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South Korea’s Navy Growing to Counter More Regional Threats Beyond North Korea

Zarvan

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South Korea’s Navy Growing to Counter More Regional Threats Beyond North Korea
By: Tim Fish
December 1, 2021 11:31 AM


The budget for the first three Sejong Daewang-class (KDX-III) destroyers was slated at $1.1 billion per
ship. Its large missile inventory is designed to ensure that the ship has plenty of opportunity to
destroy missile attacks on South Korea from the North. US Navy Photo

The Republic of Korea Navy is no longer solely focused on the threat from its northern neighbor, but is embarking on an expansion to build a fully-fledged blue water fleet.

Supported by its two main naval shipbuilders – Hyundai Heavy Industries (HHI) based in Ulsan and Daewoo Shipbuilding and Mechanical Engineering (DSME) based in Okpo – the South Korean Navy is in the process of building up its surface fleet and increasing the capability of its submarines to provide more offensive firepower and conduct wider regional engagements.
This process is moving at a rapid pace. Even the last few months have seen a huge amount of activity in the surface and sub-surface sector. Most recently, in November, HHI launched the seventh of an expected eight new Daegu-class (FFX-II) frigates. To be named ROKS Cheonan, in memory of the corvette sunk in 2010, it will be delivered to the RoKN in 2023.

Also in November, HHI was awarded a KW636.3 billion, or $533 million, contract for the second of three new Batch 2 Sejong Daewang-class (KDX-III) destroyers expected to be delivered in 2026. In October, the company had already completed a keel-laying ceremony for the first Batch 2 KDX-III destroyer, with a launch expected in late 2022 and delivery in late 2024. Also in October, HHI and Korean Aerospace Industries (KAI) signed a Memorandum of Understanding (MoU) to cooperate on the design and development of a new 30,000-ton light aircraft carrier (CVX) for the RoKN – its first such platform.

In September, HHI launched its third Batch 1 Dosan Ahn Chang-ho-class (KSS-III) conventional attack submarine (SSK) named ROKS Sin Chaeho. It will be delivered in 2024.


ROKS Ahn Junggeun is a Son Won-il-class (KSS-II) disel-electric (SSK) based on the Type 214 design from
German shipbuilder TKMS. The class represents the second stage of submarine development in
South Korea undertaken by DSME that was a key part of the transition to an indigenous SSK design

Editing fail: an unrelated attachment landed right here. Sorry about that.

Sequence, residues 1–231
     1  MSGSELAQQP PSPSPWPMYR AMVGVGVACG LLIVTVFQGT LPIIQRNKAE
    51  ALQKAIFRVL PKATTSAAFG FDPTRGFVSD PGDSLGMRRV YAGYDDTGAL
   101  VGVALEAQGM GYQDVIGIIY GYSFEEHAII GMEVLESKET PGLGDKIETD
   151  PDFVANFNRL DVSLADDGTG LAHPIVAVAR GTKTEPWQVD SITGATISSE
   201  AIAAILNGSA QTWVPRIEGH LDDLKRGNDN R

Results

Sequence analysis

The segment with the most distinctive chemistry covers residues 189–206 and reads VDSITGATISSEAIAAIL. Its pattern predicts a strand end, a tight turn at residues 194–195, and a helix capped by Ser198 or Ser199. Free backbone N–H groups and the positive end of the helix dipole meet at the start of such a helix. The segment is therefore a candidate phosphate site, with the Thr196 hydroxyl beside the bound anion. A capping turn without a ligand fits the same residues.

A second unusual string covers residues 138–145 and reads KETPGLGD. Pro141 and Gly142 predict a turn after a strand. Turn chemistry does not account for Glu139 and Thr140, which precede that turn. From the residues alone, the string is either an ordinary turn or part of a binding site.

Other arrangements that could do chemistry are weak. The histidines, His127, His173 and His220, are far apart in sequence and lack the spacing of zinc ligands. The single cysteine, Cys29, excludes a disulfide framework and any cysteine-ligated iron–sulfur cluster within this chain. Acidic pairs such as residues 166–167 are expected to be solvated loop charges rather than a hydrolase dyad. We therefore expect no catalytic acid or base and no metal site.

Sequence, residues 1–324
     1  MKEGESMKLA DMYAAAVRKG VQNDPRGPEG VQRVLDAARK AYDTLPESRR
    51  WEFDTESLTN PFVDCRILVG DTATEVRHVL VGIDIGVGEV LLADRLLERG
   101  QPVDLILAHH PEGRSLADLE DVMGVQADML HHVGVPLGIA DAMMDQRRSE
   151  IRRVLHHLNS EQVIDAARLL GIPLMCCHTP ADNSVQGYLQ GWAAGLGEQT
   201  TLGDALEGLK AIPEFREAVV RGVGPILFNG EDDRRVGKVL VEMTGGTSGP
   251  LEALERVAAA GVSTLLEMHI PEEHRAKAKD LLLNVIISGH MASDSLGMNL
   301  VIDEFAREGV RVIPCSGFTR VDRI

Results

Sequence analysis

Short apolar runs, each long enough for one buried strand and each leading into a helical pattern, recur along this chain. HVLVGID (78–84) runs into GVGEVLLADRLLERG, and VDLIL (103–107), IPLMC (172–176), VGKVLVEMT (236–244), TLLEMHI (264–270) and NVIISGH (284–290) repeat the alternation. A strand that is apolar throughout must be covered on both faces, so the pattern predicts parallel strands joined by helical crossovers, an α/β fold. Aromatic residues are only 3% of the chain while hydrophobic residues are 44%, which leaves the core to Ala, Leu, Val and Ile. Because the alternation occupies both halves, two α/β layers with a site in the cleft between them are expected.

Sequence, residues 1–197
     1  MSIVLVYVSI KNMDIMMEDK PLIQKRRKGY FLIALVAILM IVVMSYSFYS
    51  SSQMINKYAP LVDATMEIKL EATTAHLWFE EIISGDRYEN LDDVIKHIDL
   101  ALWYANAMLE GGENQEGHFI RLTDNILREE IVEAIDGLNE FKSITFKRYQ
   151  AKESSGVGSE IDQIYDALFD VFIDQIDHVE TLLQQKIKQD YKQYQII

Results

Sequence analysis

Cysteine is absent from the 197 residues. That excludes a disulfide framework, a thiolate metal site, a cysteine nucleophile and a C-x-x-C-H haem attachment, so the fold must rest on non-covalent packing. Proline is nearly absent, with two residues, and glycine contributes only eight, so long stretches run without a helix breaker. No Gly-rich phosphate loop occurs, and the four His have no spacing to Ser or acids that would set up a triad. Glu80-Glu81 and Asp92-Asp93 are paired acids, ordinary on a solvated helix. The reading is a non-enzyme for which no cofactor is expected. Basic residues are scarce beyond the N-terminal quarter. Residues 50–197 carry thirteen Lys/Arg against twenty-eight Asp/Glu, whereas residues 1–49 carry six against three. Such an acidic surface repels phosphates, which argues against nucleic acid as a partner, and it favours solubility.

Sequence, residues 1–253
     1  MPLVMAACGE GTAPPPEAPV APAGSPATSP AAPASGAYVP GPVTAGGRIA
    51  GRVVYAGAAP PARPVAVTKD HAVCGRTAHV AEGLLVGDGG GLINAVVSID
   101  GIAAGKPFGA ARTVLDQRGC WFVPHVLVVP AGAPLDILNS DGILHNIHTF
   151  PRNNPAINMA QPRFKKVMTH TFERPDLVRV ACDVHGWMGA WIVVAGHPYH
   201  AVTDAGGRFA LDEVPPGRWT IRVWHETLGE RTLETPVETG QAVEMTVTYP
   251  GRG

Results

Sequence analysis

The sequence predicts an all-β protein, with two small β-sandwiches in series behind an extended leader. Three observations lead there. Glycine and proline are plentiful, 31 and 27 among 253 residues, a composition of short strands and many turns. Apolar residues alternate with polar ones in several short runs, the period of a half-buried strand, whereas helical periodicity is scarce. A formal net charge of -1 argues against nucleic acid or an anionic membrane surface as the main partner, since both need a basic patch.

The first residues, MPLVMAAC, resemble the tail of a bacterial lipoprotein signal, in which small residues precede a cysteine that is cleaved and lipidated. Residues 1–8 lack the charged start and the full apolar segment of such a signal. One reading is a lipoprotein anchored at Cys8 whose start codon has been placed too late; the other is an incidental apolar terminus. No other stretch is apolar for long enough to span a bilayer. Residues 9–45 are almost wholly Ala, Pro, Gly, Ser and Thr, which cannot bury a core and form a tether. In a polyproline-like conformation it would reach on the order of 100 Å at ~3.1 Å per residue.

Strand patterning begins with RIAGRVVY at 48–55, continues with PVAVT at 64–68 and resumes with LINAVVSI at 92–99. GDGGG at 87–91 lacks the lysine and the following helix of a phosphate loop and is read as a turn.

capability. ROK Armed Forces Photo

Also in September, DSME secured a $887 million contract from South Korea’s Defense Acquisition Program Administration (DAPA) procurement organization for the second KSS-III Batch 2 SSK. DSME also launched the sixth Daegu-class (FFX-II) frigate, to be named ROKS Pohang, that month.

Independent defense researcher Professor Kim Jae Yeop told USNI News that the RoKN’s long-held ambition to become an ocean-going navy “is based on the belief that the country’s security challenge will not be limited to existing threats from the North in the longer-term.” He said that this view is strengthened considering South Korea’s geopolitical position, surrounded by major powers like China and Japan.

South Korea’s new Mid-Term Defence Plan (MTDP) 2021-2025, published in late 2020, reinforced this change in direction toward more expeditionary operations. It increased the defense budget by 6.5 percent, providing some $235 billion over five years with about one-third (KW100 trillion) for the procurement of new equipment.

The ROKN already has over a dozen vessels for ocean-going operations, including six Chungmugong Yi Sun-sin-class (KDX-II) destroyers, three Sejong Daewang-class destroyers, nine Son Won-il-class (KSS-II) SSKs and two Dokdo-class (LPX-I) amphibious assault ships.

Kim said that since 2010, these vessels have enabled the RoKN to establish the 7th Maritime Task Flotilla “as its first naval unit for ocean-going missions, like the protection of the sea lines of communication” and for participation in multinational security operations such as counter-piracy in the Gulf of Aden since 2009.


Plans for naval construction under the latest MTDP. The image shows the progression of the RoKN’s
SSK, surface fleet and amphibious/carrier fleet over the next decade. MTDP Image

“Eventually, the ROKN plans to form a genuinely ocean-going surface fleet from early 2030s, consisting of three flotillas, something like Fleet Escort Force of Japanese Maritime Self-Defense Forces; along with KDX-II, KDX-III destroyers and other new ships in the future,” Kim added.

The KDX-III destroyers are an important part of this expansion. The first three Batch 1 ships at 166 meters long and displacing over 10,000 tons are fitted with the Aegis Combat Management System Baseline 7, AN/SPY-1D(V) multi-function radar and three vertical launch systems (VLS) offering 128 missile cells that can fire the SM-2, Hyunmoo III cruise missiles or KASROC anti-submarine rockets. These were delivered from 2008 to 2012 and are the most sophisticated ships in the fleet, providing a core strategic ocean-going capability with its powerful anti-air warfare and land-attack systems.